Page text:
February 2, 2012

Wealthy Florida Man Adopts His Adult Girlfriend

658107_12454428_02102012.jpgFamily law, with its complex web of legal and emotional issues, can produce some unusual stories. The story of 48 year-old John Goodman, the founder of the Polo Club Palm Beach in Florida, is particularly unusual. In what critics say is a ploy to shield assets from a pending wrongful death lawsuit, Goodman has filed court paperwork in October 2011 to legally adopt his girlfriend, 42 year-old Heather Laruso Hutchins. The couple have reportedly been dating since 2009, but now she is also legally his adult daughter.

Goodman is facing a lawsuit from the family of 23 year-old Scott Patrick Wilson, who died in a hit-and-run accident on February 12, 2010. The Palm Beach County Sheriff has alleged that Goodman ran a stop sign and collided with Wilson's vehicle. A sobriety test reportedly found Goodman's blood alcohol content to be twice the legal limit. Goodman has been charged with vehicular homicide, criminal DUI manslaughter, and related charges. He pleaded not guilty, and a criminal trial is scheduled to begin March 6, 2012.

Goodman has two minor children. He established a trust for their benefit, and the judge presiding over the Wilson family's wrongful death suit has ruled that, if they obtain an award for damages against Goodman, the trust would not count towards Goodman's financial assets. Hutchins, as Goodman's adopted adult daughter over the age of 35, is now entitled to one-third of the trust's total value, according to the Palm Beach Post. Goodman's attorneys maintain that the adoption's intent is to "ensure his family's stability" and is in no way related to the lawsuit.

Attorneys for the Wilson family claim that Goodman is using the adoption to shield assets from the suit while still being able to use them. If Hutchins has immediate access to part of the trust's value, they argue, then Goodman has access to those assets. The judge in the civil suit describes the adoption as "border[ing] on the surreal," and "tak[ing] the Court into a legal twilight zone." The trust, which is based in Texas and Delaware, is subject to the review of a probate court in one of those jurisdictions. That court could deny Hutchins' asserted right to part of the trust assets. The court in Florida hearing the wrongful death case, however, lacks the authority to review the arrangement.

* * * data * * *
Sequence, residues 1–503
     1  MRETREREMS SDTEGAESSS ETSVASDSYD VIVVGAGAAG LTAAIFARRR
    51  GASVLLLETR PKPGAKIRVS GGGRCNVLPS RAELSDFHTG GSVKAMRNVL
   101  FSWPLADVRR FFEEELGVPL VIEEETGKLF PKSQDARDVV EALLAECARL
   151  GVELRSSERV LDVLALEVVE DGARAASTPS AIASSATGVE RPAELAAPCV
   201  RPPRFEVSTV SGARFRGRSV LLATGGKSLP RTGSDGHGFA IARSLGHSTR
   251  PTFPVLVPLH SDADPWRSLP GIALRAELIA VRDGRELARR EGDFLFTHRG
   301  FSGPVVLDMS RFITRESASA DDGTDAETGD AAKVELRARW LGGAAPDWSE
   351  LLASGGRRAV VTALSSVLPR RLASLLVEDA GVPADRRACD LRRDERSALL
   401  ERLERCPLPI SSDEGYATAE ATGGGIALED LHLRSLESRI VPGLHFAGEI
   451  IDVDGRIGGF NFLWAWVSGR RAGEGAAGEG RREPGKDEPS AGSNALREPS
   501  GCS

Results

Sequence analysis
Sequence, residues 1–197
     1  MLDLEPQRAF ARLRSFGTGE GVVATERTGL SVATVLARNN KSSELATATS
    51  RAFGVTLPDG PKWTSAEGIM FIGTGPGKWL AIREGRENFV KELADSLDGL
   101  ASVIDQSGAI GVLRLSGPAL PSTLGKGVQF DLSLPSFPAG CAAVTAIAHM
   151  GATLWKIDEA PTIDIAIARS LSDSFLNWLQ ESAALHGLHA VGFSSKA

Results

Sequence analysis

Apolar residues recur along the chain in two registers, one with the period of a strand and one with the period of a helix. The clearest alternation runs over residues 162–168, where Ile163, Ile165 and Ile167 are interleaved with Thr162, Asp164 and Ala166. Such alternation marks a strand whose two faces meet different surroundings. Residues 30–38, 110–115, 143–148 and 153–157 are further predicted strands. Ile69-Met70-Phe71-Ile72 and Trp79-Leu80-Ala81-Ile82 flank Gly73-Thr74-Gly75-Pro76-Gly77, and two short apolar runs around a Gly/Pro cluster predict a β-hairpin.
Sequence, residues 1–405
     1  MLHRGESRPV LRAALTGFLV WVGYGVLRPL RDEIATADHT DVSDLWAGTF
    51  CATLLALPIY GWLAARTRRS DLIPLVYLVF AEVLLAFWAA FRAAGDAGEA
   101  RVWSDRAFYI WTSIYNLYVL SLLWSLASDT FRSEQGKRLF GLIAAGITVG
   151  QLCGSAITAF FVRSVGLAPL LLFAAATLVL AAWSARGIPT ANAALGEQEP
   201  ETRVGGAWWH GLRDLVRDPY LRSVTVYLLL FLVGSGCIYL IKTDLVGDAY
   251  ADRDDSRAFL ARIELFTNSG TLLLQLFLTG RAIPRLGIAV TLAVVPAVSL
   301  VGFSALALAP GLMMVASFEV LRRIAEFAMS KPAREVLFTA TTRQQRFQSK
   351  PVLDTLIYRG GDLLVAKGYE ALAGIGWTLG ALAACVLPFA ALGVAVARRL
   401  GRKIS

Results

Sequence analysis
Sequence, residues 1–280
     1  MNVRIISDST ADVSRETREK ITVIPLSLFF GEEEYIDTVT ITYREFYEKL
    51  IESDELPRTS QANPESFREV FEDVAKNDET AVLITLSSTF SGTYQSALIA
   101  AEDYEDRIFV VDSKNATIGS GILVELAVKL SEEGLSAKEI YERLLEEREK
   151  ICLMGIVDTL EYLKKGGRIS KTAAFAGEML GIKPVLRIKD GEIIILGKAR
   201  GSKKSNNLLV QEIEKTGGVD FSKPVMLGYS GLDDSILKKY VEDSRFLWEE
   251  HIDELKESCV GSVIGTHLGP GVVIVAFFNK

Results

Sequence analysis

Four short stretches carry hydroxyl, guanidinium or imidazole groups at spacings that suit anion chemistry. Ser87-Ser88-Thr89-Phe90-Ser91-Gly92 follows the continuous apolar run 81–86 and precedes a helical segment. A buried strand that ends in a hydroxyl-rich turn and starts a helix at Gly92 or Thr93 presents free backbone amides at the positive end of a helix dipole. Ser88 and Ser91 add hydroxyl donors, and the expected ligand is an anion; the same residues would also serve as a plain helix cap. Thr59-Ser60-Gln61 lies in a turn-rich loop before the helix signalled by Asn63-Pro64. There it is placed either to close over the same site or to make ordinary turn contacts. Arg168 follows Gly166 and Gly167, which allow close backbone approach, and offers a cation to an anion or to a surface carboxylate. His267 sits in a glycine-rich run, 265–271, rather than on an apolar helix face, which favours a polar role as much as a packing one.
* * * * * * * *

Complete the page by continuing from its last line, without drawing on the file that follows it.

Continue reading "Wealthy Florida Man Adopts His Adult Girlfriend" »

January 26, 2012

California Divorce Report: Russell Brand's Unique Wedding Gift to Katy Perry Never Left India

1343743_51706269_01302012.jpgYet another Hollywood love story is coming to an end with the news last month that comedian Russell Brand filed for divorce from singer Katy Perry. The couple had gotten married just over a year earlier, in a traditional Hindu ceremony in Rajasthan, India on October 23, 2010. Brand filed for divorce on December 30, 2011, citing irreconcilable differences.

The news of their split first brought on speculation about the division of property, since Brand reportedly refused to sign a prenuptial agreement. With no prenup, they could end up with a straight 50/50 split of the marital estate. Perry likely has the bigger fortune of the two, meaning that Brand may end up collecting a large share of her assets, something of a reversal of the stereotypical situation in high-profile divorces. She reportedly made about $45 million during their fourteen months of marriage from touring and endorsements. Brand, meanwhile, made somewhere between $6 million and $8 million during that time. This is no small sum, but it pales by comparison. They also own a Los Angeles mansion valued at around $6.5 million.